Los Angeles City Councilwoman Laura Chick is poised to make good on most of her campaign pledge to squeeze $100,000 out of her office budget and donate it to the Police Department to fight crime--a donation that will include part of her own salary.
At a news conference today, Chick plans to announce that she will donate to the LAPD $70,000 in cash from her office budget and three of the seven city cars assigned to her staff.
The total value of the gift is $91,500, Chick's office estimates.
Chick, who was elected in June to represent the southwestern San Fernando Valley, will have to contribute 10% of her own $90,680-a-year salary to round out the cash portion of the donation, said Karen Constine, Chick's chief deputy.
All of the contribution is to be used for crime prevention--including special police patrols, graffiti removal and youth programs--in Chick's district, Constine said.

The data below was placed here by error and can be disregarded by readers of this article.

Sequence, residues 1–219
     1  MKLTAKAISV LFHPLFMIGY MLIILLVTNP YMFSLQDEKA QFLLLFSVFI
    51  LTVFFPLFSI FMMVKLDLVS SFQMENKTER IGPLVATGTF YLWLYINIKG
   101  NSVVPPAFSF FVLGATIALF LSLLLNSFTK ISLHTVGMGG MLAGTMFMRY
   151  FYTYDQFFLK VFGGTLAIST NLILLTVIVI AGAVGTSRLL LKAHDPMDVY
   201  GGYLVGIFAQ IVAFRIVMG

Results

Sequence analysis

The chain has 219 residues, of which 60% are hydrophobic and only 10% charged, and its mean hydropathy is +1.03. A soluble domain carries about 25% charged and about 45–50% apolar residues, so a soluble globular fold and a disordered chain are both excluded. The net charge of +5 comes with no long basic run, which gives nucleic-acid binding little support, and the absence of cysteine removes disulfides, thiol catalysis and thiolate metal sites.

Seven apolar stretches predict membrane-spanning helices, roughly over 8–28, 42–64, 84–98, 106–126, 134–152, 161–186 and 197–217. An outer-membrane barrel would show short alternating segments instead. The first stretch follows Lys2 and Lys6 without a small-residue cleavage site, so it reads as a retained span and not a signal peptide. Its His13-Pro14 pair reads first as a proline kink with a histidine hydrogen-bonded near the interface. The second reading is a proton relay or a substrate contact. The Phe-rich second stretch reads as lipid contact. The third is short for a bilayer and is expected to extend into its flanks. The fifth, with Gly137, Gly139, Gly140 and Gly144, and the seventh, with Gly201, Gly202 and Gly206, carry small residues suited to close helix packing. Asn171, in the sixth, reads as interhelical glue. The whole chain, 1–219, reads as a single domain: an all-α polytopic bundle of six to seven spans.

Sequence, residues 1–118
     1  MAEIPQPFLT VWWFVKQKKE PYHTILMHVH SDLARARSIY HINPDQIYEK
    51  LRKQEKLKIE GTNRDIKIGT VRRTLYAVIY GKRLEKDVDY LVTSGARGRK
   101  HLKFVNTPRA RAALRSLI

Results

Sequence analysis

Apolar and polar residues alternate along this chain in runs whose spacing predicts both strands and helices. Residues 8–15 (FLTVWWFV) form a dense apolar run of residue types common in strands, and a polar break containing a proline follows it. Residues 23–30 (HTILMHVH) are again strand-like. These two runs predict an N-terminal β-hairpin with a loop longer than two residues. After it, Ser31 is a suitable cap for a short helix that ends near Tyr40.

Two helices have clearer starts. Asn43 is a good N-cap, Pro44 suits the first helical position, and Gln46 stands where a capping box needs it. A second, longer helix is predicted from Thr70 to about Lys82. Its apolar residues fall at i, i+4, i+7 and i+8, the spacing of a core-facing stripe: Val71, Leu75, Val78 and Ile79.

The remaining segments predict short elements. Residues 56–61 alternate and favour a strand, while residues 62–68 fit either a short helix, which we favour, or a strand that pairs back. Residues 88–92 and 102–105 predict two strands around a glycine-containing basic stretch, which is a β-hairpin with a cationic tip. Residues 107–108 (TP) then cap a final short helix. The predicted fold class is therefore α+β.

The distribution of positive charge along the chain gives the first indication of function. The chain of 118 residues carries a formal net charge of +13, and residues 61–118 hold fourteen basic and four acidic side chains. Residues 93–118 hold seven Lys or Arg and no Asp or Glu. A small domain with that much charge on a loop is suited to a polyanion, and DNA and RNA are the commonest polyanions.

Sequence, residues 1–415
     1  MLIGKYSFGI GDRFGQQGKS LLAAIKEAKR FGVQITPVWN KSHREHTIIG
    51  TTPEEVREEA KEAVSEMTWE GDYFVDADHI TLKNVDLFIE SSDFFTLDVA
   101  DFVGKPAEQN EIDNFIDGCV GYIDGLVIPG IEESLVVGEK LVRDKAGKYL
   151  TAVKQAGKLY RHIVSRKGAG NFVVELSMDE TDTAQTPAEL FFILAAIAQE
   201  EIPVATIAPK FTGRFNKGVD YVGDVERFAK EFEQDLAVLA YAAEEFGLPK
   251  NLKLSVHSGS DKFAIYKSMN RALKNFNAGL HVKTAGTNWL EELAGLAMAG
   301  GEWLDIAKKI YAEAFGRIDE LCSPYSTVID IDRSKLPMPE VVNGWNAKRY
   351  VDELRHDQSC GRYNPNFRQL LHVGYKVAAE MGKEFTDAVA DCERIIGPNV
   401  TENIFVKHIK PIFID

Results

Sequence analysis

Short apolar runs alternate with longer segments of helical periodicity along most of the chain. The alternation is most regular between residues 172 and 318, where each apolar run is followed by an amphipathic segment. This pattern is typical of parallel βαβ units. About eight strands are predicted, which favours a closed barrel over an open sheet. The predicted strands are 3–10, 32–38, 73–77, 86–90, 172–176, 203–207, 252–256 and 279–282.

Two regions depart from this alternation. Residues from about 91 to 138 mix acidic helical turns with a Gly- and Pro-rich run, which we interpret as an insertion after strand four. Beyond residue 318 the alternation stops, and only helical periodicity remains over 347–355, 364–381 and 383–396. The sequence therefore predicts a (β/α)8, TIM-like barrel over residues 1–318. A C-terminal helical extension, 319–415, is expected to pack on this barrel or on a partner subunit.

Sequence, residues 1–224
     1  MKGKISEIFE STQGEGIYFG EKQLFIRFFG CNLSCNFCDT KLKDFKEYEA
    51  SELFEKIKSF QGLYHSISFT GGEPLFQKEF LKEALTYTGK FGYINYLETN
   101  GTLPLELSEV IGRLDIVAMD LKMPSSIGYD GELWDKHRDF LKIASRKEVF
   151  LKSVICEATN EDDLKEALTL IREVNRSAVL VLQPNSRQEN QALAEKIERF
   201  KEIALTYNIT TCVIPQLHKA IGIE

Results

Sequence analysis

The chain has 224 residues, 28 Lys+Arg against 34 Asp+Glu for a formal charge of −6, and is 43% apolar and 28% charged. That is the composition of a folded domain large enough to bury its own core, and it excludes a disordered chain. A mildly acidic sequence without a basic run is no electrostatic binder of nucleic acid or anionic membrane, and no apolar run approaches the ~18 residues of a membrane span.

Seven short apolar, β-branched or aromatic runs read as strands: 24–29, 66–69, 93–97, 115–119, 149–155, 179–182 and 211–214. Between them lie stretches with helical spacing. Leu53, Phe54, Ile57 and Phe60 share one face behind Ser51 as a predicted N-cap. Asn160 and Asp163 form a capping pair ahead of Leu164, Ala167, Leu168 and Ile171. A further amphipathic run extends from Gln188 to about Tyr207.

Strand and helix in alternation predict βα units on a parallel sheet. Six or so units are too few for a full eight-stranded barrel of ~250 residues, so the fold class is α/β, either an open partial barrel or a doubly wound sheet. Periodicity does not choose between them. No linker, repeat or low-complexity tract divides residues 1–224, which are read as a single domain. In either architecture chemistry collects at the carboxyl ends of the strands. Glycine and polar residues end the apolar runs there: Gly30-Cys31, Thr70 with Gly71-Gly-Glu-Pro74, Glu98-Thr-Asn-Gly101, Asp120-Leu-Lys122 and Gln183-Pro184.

During her campaign to unseat incumbent Joy Picus last spring, Chick repeatedly promised voters that, if elected, she would cut $100,000 in frills from her council office budget and transfer the savings to the LAPD.
It was a crowd-pleaser that Chick coupled with pledges to forgo hiring a press secretary and to abstain from using a city car herself--promises she has kept to date.
But two weeks ago, Chick appeared to backpedal, saying in an interview with The Times that she might fall $60,000 short of the promised amount. Her $100,000 pledge was based on the previously standard office budget of $700,000, before she learned that the council had reduced each member's allowance to $640,000, Chick said.
But a Chick aide said Wednesday that the councilwoman's staff had "busted its buns" to fulfill her campaign pledge.
The assets contributed to the LAPD include $70,000 in cash from Chick's office, the $14,000 value of the three cars and $7,500 in paint. Each council office annually receives $7,500 in paint for graffiti removal programs.
The large police contribution, Constine conceded, severely limits Chick's ability to provide financial help to local community groups. Each council office has $20,000 in its annual budget earmarked for community groups in their districts. Chick used all of these funds to finance her contribution to the police, Constine said.
Council members often dole out small amounts of money from these funds to important and needy community groups during the year to build goodwill for the incumbents.